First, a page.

Cocaine Possession

An overview on the consequences of being charged for cocaine possession or use, criminal penalties and sentencing that would apply, and how a lawyer may be able to help.

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A potent stimulant known as cocaine is derived from the leaves of the South American coca plant. Under federal law and the law of all fifty states, possession of any amount of cocaine is a crime. And, crack cocaine (a form of cocaine that is processed even further than powder cocaine to achieve a cheaper version) carries heavier penalties under federal and some state laws. For more information on state laws dealing with cocaine possession, see Drug Possession Laws.

For more information on penalties for crack cocaine, see Crack Cocaine vrs. Powder Cocaine: One Drug, Two Penalties.

What is Cocaine?

Federal law includes cocaine in its list of “narcotic drugs” that cannot be possessed, manufactured, and distributed in the U.S. (21 USC § 802.) The law is broadly worded to encompass any derivative of or extract from coca leaves. In fact, the law includes coca leaves themselves as among the “narcotic” cocaine drugs listed.

In many areas of the Andes Mountains (and elsewhere in Peru, Ecuador, and other South American countries), people chew raw, fresh coca leaves for a mild mood and energy enhancement. Such leaf consumption would be treated as illegal cocaine use and possession under U.S. law.

Possession of Cocaine

While we are all familiar with the colloquial definition of the word “possession” (meaning having, owning, or controlling), the term has a different meaning under the law.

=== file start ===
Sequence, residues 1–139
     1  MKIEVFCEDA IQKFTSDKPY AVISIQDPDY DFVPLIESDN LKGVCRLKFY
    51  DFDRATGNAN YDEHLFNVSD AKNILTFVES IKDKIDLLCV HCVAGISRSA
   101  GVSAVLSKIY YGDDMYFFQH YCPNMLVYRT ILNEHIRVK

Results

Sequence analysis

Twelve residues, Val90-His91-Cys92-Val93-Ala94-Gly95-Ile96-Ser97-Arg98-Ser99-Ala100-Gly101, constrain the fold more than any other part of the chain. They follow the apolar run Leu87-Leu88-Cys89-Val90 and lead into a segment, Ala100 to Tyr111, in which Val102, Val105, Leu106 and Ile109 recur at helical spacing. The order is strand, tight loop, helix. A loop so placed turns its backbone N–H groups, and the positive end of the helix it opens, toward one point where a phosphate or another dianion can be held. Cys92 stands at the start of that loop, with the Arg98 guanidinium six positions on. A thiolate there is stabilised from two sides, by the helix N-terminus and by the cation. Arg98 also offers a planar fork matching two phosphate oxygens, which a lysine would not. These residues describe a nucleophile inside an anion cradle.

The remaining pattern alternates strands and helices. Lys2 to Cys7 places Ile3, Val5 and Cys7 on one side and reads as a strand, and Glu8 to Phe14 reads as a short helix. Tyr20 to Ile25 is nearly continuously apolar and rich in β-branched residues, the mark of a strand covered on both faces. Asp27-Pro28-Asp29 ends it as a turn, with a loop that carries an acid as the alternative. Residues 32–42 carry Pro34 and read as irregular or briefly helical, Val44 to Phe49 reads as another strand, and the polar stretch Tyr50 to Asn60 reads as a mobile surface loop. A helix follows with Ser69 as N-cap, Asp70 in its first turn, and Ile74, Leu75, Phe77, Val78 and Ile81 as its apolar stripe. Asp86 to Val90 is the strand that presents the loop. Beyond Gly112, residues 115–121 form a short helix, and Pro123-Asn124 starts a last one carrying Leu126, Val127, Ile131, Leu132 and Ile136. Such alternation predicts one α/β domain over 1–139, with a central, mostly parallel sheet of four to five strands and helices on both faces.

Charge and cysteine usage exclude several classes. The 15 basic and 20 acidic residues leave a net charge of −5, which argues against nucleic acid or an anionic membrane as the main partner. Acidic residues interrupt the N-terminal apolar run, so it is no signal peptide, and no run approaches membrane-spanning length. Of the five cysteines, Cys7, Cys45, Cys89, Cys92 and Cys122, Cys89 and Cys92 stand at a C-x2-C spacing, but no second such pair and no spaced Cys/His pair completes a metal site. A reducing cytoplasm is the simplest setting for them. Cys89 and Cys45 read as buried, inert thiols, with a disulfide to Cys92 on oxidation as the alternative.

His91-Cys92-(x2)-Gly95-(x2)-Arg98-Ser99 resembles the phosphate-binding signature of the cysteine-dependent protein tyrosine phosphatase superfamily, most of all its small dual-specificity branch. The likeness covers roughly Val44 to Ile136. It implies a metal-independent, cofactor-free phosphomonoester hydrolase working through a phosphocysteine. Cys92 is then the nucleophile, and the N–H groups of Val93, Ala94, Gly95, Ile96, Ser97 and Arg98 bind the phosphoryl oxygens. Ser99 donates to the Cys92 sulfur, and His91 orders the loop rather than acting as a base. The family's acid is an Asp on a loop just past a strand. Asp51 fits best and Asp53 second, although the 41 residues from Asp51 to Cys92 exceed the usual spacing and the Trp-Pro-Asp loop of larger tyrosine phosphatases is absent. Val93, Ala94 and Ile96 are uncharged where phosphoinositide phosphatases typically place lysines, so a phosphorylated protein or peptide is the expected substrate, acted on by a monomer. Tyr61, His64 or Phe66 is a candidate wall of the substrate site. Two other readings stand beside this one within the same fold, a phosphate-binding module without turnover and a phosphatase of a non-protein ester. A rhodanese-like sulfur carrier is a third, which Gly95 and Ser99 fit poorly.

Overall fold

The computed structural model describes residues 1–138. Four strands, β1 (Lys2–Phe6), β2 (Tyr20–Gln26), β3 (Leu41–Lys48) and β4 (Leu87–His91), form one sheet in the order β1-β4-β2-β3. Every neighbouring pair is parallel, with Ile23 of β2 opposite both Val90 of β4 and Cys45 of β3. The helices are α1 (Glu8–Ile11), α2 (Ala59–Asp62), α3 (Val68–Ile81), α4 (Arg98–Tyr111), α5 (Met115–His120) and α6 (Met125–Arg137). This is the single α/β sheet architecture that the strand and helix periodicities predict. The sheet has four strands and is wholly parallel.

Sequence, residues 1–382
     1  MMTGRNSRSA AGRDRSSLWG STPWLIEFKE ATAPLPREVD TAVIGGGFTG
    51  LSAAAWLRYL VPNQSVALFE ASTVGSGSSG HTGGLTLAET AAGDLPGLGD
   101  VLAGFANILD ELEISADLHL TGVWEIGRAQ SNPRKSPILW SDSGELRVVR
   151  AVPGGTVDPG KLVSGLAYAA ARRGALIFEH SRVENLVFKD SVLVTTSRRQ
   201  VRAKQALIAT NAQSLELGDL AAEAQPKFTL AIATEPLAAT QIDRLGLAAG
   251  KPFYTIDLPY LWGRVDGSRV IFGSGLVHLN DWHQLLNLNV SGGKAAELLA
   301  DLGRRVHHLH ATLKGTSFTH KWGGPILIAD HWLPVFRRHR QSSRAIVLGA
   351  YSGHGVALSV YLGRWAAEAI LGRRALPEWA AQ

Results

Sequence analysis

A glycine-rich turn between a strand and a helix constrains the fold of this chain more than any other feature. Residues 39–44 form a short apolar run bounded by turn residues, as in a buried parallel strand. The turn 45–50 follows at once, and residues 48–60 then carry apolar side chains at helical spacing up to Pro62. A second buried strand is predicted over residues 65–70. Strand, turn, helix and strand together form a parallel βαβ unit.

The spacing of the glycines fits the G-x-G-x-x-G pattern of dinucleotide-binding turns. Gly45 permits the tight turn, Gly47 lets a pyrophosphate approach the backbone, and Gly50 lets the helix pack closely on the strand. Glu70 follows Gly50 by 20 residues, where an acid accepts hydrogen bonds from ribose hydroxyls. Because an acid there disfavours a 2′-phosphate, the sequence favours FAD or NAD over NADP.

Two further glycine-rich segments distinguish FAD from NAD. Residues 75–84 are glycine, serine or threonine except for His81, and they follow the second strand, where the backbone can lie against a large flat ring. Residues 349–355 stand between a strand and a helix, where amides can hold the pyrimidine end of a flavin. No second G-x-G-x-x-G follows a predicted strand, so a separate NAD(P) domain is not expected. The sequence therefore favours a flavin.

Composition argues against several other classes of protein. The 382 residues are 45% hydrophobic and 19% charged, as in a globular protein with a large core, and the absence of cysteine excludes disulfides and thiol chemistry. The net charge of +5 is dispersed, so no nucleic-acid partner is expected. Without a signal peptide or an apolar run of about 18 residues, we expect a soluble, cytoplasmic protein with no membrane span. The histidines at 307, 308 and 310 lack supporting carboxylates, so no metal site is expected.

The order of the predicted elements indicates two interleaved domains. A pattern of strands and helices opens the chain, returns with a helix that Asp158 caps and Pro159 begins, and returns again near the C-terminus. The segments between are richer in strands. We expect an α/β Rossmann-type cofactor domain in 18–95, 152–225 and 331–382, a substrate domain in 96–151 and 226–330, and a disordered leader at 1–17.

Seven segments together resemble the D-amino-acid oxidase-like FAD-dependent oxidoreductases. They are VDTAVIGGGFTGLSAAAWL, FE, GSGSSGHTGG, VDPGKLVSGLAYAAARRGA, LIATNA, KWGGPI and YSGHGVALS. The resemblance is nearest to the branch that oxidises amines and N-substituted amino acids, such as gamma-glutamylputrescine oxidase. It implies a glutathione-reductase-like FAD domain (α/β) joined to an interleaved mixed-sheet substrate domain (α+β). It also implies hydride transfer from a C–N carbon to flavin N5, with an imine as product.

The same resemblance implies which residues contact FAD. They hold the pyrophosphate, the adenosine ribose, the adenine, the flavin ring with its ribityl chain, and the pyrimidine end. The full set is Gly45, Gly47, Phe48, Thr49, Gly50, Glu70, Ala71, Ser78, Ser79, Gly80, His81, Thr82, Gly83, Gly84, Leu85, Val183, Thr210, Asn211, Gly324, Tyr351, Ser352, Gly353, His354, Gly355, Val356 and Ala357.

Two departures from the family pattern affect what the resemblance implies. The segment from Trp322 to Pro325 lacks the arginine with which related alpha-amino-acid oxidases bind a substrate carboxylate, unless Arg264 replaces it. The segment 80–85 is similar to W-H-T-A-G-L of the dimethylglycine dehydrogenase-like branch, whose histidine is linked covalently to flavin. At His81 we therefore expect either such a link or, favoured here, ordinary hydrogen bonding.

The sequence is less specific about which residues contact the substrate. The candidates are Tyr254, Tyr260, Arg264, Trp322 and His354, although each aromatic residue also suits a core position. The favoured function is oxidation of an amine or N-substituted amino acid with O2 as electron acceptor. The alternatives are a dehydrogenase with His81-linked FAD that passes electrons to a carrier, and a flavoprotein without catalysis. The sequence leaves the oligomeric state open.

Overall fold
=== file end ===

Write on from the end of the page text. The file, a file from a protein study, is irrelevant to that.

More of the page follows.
“Simple” possession

A person illegally possesses cocaine if he or she knowingly has cocaine on his or her person (such as in a pocket) or under his or her personal, physical control (for example, in a purse). Knowingly means that the person with the cocaine knew that he or she had the drug on them and knew it was illegal. So, if someone takes a box labeled baking soda and has no knowledge or reason to know that the box actually contains cocaine, that person does not knowingly possess cocaine (but we wish them luck in convincing a prosecutor of this ignorance!) This is the simplest, most obvious form of possession.

But the definition of possession does not stop here when it comes to illegal narcotic drugs such as cocaine.

“Constructive possession”

Under U.S. law, a person may be charged with “constructive possession” of cocaine and other controlled substances. “Constructive” used in this way means implied, inferred, or as interpreted by the law. So, a person has constructive possession of cocaine in situations in which the law interprets him or her to have legal control over the drug. This definition is much broader than actual physical control and covers a lot of ground. In the most obvious situation, when a customs agent finds cocaine in a suitcase belonging to an individual, that individual could be charged with constructive possession of narcotics. In a much less obvious situation, the discovery of cocaine under shrubbery beside which an individual had parked his vehicle led to a charge of constructive possession against the vehicle owner. Authorities have charged individuals with constructive possession of cocaine where the drug was found in:

  • a home, vehicle, business, or other property owned or rented by the individual
  • a hotel room in which the individual was a guest
  • a social club managed by the individual
  • a warehouse used by the individual, and
  • a parcel addressed to the individual.

In order for a defendant to be convicted of constructive possession of cocaine, the prosecutor must prove that the defendant had the power and intent to control the substance, and knowledge that the substance was cocaine.